Some of the important changes to the advertising rules had been developed by the Advertising Task Force 2004, which had received the assistance of several committee members. The goal of the amendments was to make the Bar's advertising rules easier to understand and follow. One very significant change to the rules is the requirement that all nonexempt television and radio advertisements be filed for review at least 15 days before their intended use and approved by the Bar before their first dissemination. Other important changes include the elimination of the requirement for the hiring disclosure in print advertisements and the elimination of the size requirements for other required disclosures in advertisements.

In addition on February 26, 2008, the Bar filed a petition to amend the Rules Regulating The Florida Bar (Rule 4-7.6, Computer Accessed Communications) in case number SC08-1181. The court issued its order on February 27, 2009, declining to adopt any of the changes proposed by the Bar regarding 4-7.6. On March 13, 2009, the Bar filed a motion for clarification and rehearing and that matter remains pending.

The committee, through its staff, continues to publish a column in The Florida Bar News from time to time, titled Advertising Updates. Articles have been published explaining the most recent revisions to the advertising rules and providing information regarding recent opinions of the Board of Governors and the committee regarding advertising. The committee further updates the Bar's Web site with new material and information when needed in order to provide Bar members with as much information as possible to assist them in compliance with the attorney advertising rules.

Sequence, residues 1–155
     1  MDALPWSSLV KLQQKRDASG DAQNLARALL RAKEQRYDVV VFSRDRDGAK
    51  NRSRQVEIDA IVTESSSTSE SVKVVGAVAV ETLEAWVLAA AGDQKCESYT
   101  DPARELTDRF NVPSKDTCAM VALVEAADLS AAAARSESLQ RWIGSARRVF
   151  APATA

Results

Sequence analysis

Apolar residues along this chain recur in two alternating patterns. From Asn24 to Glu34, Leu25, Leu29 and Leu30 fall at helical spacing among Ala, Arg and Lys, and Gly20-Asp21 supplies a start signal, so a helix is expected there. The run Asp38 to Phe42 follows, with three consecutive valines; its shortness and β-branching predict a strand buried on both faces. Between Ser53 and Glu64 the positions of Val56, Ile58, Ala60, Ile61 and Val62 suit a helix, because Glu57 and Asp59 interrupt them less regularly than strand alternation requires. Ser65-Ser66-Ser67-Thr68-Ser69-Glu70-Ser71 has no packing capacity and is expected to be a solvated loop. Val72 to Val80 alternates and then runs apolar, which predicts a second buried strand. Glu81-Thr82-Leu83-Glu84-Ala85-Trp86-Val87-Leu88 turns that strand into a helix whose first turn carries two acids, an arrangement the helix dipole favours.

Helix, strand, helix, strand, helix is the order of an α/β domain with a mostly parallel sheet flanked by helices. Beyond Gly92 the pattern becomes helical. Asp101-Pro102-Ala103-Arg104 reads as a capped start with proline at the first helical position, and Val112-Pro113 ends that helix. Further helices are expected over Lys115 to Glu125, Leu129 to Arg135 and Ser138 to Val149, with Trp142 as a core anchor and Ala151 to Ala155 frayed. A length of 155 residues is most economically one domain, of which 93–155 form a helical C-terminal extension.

By far the most time consuming task of the committee this year, as in past years, has been reviewing advertisements filed by members of The Florida Bar to determine whether they comply with the advertising rules. The committee reviews decisions of its staff regarding lawyer advertisements if the staff 's interpretation of a particular rule or advertisement is appealed by an advertising attorney. Advertisers can appeal decisions of the committee to the Board of Governors if they wish to do so. The committee also provides guidance to its staff and advertisers, pursuant to requests for guidance, in order to foster compliance with the rules and to permit advertisers to accomplish their legitimate advertising goals. The committee works hard to apply the advertising rules fairly to all types of advertisements and to balance the rights of advertisers with the needs and concerns of the public.